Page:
Methods

EPIC-NSW, is an open-label, single-arm, multi-centre prospective observational study of PrEP implementation and impact. Over 20 public and private clinics across urban and regional areas in NSW have participated in the rapid roll-out of PrEP, supported by strong community mobilization and PrEP promotion. The study began on 1 March 2016, aiming to enroll at least 3700 HIV negative people at high risk of HIV. This estimate took into consideration criteria for PrEP prescription in people at high risk for acquiring HIV as defined in the NSW PrEP guidelines. Study participants receive once daily co-formulated tenofovir disoproxil fumarate and emtricitabine (TDF/FTC) and are followed for up to 24 months. Follow-up includes: testing for HIV at 1 month, HIV and other sexually transmissible infections three-monthly, HCV annually and monitoring of renal function six-monthly. Optional online behavioural surveys are conducted quarterly. The co-primary endpoints are (i) HIV diagnoses and incidence in the cohort and (ii) HIV diagnoses in NSW.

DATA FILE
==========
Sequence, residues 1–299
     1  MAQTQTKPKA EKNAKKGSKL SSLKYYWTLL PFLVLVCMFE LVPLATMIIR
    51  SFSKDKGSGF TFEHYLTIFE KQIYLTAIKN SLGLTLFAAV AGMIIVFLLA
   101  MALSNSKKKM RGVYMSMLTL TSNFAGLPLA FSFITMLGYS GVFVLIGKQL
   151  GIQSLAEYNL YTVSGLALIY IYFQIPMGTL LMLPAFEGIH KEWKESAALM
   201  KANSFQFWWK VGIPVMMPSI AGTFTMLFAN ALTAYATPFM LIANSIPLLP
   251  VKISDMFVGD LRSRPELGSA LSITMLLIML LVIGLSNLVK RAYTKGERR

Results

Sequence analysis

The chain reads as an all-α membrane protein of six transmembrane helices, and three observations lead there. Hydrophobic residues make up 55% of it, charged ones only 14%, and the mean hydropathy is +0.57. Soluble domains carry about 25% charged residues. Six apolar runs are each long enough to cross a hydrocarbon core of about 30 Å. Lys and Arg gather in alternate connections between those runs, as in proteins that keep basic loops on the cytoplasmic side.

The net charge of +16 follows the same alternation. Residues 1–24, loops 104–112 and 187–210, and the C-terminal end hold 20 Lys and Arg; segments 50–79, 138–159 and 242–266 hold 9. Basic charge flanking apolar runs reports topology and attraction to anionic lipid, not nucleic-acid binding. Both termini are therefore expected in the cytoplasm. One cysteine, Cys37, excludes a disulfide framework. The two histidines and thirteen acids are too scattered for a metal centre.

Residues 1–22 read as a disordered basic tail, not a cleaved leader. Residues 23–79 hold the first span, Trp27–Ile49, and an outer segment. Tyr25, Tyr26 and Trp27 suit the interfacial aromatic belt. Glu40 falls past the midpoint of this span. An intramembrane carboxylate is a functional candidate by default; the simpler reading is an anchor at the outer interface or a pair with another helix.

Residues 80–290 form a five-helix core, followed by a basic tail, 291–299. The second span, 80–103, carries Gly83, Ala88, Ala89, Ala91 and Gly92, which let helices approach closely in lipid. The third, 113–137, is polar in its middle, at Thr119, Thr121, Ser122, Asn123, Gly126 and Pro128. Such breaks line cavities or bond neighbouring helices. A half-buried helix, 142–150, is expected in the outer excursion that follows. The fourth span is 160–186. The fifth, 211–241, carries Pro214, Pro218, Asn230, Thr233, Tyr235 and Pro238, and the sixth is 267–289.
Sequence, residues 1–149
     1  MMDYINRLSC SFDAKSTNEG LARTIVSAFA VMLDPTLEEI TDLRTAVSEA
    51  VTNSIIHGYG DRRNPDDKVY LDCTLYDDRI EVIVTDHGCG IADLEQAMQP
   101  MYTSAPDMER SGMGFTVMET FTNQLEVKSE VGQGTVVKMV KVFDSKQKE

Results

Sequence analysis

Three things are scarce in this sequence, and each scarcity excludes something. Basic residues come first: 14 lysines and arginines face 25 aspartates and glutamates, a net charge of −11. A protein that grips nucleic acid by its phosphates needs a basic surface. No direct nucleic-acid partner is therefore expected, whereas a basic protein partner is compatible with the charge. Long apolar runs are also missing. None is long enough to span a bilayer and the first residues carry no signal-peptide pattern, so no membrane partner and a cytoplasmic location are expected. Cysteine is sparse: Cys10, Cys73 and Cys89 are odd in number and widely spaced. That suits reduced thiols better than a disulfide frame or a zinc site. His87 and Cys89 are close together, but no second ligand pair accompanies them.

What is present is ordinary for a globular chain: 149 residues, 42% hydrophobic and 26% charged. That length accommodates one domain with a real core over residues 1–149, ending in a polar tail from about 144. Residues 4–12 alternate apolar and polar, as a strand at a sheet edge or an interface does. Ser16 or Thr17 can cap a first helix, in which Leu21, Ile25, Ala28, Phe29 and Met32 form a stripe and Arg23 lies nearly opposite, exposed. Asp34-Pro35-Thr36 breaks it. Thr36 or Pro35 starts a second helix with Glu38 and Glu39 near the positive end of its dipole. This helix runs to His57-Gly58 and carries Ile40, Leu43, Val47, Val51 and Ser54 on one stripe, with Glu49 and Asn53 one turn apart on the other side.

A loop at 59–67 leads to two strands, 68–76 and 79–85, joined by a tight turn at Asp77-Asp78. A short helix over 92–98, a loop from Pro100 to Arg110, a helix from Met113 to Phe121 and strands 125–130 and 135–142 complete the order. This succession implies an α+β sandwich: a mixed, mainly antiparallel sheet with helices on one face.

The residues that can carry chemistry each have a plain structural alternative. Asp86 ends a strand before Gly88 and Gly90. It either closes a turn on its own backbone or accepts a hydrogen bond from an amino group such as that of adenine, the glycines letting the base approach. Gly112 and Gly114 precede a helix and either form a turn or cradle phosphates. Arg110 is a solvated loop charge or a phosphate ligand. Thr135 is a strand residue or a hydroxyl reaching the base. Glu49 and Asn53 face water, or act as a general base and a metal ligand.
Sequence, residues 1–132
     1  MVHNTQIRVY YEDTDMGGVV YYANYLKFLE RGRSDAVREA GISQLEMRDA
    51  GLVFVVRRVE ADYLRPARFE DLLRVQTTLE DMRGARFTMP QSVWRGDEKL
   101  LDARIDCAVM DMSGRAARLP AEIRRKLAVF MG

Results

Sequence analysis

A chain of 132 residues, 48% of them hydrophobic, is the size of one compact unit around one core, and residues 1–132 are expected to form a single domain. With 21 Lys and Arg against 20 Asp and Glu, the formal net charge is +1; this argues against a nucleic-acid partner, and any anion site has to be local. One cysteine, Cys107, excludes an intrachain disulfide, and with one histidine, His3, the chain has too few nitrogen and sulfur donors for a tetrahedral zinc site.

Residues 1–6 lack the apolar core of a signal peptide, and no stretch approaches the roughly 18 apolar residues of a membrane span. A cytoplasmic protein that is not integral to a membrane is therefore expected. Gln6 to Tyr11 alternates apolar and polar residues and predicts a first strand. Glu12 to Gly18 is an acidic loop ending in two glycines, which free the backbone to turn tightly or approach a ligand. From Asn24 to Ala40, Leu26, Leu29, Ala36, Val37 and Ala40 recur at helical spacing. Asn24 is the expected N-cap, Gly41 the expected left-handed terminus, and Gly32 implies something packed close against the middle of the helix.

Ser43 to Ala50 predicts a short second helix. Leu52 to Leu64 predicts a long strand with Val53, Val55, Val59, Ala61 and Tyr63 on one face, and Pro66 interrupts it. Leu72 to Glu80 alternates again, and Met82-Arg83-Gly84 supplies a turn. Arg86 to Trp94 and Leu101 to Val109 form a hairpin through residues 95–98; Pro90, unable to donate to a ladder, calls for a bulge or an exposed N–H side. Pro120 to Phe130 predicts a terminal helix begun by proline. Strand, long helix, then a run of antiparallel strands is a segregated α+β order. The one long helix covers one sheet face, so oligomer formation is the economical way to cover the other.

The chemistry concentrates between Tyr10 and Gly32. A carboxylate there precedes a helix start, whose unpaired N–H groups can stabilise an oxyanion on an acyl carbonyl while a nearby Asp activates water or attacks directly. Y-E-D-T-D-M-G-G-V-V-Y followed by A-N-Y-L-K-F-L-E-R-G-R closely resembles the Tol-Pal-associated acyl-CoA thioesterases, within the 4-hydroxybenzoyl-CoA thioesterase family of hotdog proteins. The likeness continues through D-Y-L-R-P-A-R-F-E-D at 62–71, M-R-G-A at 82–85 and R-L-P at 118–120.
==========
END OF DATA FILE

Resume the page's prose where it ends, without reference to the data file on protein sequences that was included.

Discussion

EPIC-NSW is a population-based PrEP implementation trial which targets the entire estimated population of GBM at high risk for HIV infection in NSW. It will provide a unique opportunity to evaluate the population impact of PrEP on a concentrated HIV epidemic.

Morning tea for National Day of Women Living with HIV in Australia

via SAMESH, a joint program of SHINE SA and VAC, February 2018

NATIONAL DAY OF WOMEN LIVING WITH HIV IN AUSTRALIA: Friday 9 March 2018 

Join us for morning tea to celebrate and support women living with HIV.

“Too often, WLHIV in Australia are considered as an afterthought or swept up in the generic term ‘people living with HIV. Women when not well supported will often go underground after diagnosis and hide in fear or shame of being constantly labelled, judged and stigmatised. This leaves a larger proportion of WLHIV dealing with their diagnosis alone. The Femfatales aim to inspire, celebrate and advocate and give WLHIV the platform to step up and be heard. We believe that holding a National Day of Women Living with HIV Australia is a good start.” – Kath Leane, Chair of Femfatales.

Location: 57 Hyde St, Adelaide
Time: 10 am -12 pm

All are welcome to attend this morning tea with friends, family, partners & supporters.